Out for a walk: Luna, Renita, Jane, Rio

There is so much to be thankful for; these wonderful friends, human and animal, the wild and the tame, the life and the death.
Yesterday, Luna, my friends' almost blind and deaf 13 year old dachshund, was around the back of my cabin. When I caught up with her, she had feathers all over her mouth. She'd found a dead bird and made herself a meal. She was so happy.

It's all natural, it's the life we live. We take it or we leave it. So I’ve cut out the coffee, and have done some fasting. Will I flower? We’ll see. We have one life each. Live yours the way you want. Don't let others voices drown yours out. Above all, be happy with your choices.

Friday, January 13, 2012

Placebo Therapy

It's always fascinated me, the way people can take pills and assume they're going to do some good. What happens in the mind, that we trust someone to help us, and not do harm? Part of that answer may lie in the person taking the pills. If you're an optimist, I'll bet you're more likely to think your fellow man has your best interest at heart. If you're a pessimist, you may be suspicious, but depending on your age, you may put that thought aside. I've noticed people over about 70 or 75 tend, generally, to believe everything an MD tells them, and not question their instructions.

Once, my father-in-law, when offered juice, said he couldn't drink OJ. I asked about grapefruit, since I was about to squeeze some fresh. He said his doctor hadn't mentioned grapefruit. Of course, knowing there are meds that have been shown to be less effective with grapefruit, this had me wondering. When I asked him why his doctor told him no OJ, he said (rather curtly) 'I don't know, he just said not to drink OJ.' Acid? Sugar? I couldn't quite figure out the reason for the dietary restriction. As he got more annoyed with me, I asked, 'What about tomato?' He just about fell off his chair, 'I don't know, he didn't SAY tomato, he just said ORANGE juice!!'  The trust was there, no need to ask why. Giving up the responsibility for your health to the doctor was the mantra of his era. Now, I think the public has become a little more wary. We've seen our trust eroded by the machinations of the pharmaceutical industry time and again. This has encouraged us to learn more about our health.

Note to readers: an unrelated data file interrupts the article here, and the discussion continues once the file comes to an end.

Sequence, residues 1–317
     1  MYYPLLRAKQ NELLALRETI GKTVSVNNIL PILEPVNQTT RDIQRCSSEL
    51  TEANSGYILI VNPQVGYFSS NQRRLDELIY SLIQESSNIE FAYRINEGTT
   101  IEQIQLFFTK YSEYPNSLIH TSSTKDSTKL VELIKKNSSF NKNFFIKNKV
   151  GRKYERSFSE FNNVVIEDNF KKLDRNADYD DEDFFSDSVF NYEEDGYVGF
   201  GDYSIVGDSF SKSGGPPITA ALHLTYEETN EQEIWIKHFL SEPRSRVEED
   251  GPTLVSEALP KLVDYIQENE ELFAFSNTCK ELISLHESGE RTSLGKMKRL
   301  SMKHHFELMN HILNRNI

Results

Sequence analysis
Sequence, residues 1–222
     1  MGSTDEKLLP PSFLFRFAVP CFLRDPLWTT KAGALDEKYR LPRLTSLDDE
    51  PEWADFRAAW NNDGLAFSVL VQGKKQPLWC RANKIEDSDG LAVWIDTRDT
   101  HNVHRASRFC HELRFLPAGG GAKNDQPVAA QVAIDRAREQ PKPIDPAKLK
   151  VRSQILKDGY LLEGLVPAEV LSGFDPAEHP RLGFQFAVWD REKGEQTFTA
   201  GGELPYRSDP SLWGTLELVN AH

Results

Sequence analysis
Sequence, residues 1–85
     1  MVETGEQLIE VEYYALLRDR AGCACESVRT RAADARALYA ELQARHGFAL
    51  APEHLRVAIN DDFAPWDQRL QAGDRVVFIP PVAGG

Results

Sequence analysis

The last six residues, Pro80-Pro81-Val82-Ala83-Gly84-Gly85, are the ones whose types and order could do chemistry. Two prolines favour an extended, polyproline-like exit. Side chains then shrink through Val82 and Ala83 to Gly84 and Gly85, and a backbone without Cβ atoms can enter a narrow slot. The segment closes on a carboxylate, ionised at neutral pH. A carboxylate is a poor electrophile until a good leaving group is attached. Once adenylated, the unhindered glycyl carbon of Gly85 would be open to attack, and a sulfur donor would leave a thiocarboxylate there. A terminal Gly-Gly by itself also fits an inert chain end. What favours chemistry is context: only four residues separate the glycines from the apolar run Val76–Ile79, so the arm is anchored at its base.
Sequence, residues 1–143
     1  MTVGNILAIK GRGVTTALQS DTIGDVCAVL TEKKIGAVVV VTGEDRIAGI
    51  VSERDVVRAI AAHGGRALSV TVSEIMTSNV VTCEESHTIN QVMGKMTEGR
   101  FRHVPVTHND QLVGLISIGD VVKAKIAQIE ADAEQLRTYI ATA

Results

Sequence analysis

But now more information has come out about placebos. PLoS One researchers gave patients pills and TOLD them there were no active ingredients. They also told them these sugar pills might help their IBS. The pills reduced symptoms and improved quality of life! What happened here? The researcher, at Harvard Medical School, said, "We told participants they didn't have to believe in the placebo effect at all - but they had to take two pills a day." How do we tease out the many psychological influences here, not the least of which is the worse it tastes, the more painful the procedure, the more expensive it is, the more 'effective' it is deemed to be.

The interesting thing here, is that the control group also improved. Part of it may be the therapeutic relationship, which we've always recognized in homeopathy. Telling the story is the start of healing oneself.